Children should not be forced to choose to lose a parent after divorce and separation and they should not have to lose one in order to regain the other either.  Using relational programmes which are focused upon reconfiguring dynamics around the child to address the defence of psychological splitting and educational programmes to help those children to rebuild resilience and critical thinking skills, provide a new way of thinking and working with families affected by a child’s induced psychological splitting.

What we call parental alienation is a relational problem  and when relational interventions are applied, resolution is achieved.

The people who really matter in this drama are children, for whom we are all responsible and for whom we all need to do better in our understanding and resolution of the problems they face in the divorce and separation of their parents.  Starting and ending our work with a focus on the experience of the child and building fluid and responsive relational interventions is how we will best help children and prevent this drama from being continued through them when they become parents themselves.

Those relational resolutions we need to resolve this problem are all there in the psychoanalytical literature. When this is understood, adapting all therapies becomes possible. When applied in partnership with the legal process to manage the underlying power and control dynamics, a model of resolution becomes readily available to all therapists willing to do this work.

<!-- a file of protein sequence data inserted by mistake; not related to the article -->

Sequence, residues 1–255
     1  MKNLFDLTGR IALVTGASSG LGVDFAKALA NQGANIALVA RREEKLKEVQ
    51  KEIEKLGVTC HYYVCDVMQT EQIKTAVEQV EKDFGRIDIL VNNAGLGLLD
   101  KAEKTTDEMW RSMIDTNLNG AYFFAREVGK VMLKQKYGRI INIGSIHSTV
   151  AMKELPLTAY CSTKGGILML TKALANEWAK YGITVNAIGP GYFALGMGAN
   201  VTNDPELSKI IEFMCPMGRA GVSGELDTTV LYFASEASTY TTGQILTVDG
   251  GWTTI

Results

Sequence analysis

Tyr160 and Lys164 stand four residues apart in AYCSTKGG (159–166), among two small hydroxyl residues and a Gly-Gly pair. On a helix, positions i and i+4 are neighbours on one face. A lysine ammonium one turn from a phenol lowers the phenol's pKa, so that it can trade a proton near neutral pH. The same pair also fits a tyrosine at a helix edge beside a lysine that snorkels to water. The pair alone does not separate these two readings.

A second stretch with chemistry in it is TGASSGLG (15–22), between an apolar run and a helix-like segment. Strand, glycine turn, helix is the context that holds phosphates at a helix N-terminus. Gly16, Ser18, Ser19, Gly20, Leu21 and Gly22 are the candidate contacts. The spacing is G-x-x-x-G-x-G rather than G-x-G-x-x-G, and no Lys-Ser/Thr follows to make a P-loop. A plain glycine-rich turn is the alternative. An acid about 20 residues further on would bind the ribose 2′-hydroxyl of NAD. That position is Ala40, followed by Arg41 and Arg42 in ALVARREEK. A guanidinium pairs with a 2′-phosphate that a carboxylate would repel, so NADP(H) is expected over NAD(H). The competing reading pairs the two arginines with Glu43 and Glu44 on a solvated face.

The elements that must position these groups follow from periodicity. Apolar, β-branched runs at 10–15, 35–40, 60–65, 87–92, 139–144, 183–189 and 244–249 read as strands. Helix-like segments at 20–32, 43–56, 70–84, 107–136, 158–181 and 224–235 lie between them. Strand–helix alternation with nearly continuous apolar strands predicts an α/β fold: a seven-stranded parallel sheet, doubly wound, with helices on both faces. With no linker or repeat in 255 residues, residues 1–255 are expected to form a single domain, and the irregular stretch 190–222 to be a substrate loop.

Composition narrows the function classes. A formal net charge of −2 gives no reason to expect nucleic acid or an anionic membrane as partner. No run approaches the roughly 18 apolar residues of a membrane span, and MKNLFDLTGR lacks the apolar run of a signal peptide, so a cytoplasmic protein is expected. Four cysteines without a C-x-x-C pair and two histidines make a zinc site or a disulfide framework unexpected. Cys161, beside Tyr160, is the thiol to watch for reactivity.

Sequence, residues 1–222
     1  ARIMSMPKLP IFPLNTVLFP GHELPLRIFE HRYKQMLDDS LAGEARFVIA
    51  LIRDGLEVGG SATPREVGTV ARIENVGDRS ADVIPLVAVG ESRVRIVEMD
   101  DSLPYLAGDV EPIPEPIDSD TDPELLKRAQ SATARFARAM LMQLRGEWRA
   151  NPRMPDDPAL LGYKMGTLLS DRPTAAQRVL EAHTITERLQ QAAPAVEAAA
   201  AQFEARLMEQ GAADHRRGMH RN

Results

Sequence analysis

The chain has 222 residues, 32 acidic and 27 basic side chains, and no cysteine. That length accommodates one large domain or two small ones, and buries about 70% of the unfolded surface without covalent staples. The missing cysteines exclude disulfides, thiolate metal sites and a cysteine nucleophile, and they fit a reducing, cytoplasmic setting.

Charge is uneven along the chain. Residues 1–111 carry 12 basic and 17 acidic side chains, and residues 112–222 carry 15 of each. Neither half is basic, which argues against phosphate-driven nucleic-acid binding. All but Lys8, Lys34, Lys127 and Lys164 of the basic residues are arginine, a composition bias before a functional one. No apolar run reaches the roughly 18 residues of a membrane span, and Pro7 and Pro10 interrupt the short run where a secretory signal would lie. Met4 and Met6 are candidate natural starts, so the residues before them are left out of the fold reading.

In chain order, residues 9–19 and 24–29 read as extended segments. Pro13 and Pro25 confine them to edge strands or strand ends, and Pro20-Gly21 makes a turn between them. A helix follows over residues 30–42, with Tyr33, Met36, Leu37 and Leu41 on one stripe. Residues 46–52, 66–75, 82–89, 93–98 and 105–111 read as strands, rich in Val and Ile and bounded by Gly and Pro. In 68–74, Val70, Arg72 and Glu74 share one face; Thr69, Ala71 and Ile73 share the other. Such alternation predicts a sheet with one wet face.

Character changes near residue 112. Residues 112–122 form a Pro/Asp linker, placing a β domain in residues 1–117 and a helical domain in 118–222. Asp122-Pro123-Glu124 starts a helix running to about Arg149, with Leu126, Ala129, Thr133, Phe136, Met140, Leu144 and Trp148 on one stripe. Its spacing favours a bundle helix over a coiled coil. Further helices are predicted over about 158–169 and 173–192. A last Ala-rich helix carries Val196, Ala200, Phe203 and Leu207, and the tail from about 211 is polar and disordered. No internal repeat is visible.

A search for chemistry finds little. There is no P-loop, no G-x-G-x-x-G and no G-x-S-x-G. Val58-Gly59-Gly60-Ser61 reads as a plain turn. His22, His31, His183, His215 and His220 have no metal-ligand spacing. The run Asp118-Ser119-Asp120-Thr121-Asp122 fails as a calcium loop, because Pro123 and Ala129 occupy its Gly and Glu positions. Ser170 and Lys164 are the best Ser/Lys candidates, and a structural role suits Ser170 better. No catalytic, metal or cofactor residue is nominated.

Works in Progess

We are currently preparing a webinar entitled ‘working with induced psychological splitting in children of divorce and separation‘ which offers therapists, psychologists, social workers and others working in this field, practical understanding of how to work with the splitting defence in children and their families.

This new area of our work, which we have been studying, trialling and evaluating since 2018, forms the basis of a new clinical handbook which we are writing now.

Our intention is to provide for practitioners, the model of understanding and treatment routes that assist children in these families based upon our own extensive clinical practice at the Clinic and in partnership with senior clinicians around the world.

Alongside our therapeutic parenting handbook and online course, these will provide a comprehensive route to working with families affected by this problem for all practitioners.

This combined treatment route, utilises our co-therapy model which enables rejected parents to provide the right conditions to support their child’s recovery from alienation of the self and others.

This work is in progress and is developed from our successful clinical practice combined with the research and theory which underpins this.

We will announce the webinar shortly.

The online Therapeutic Parenting Course is nearing completion.

The handbook of Therapeutic Parenting for Alienated Children is nearing completion.

The Clinical Handbook for Working with Induced Psychological Splitting in Children of Divorce and Separation (working title) is being written now.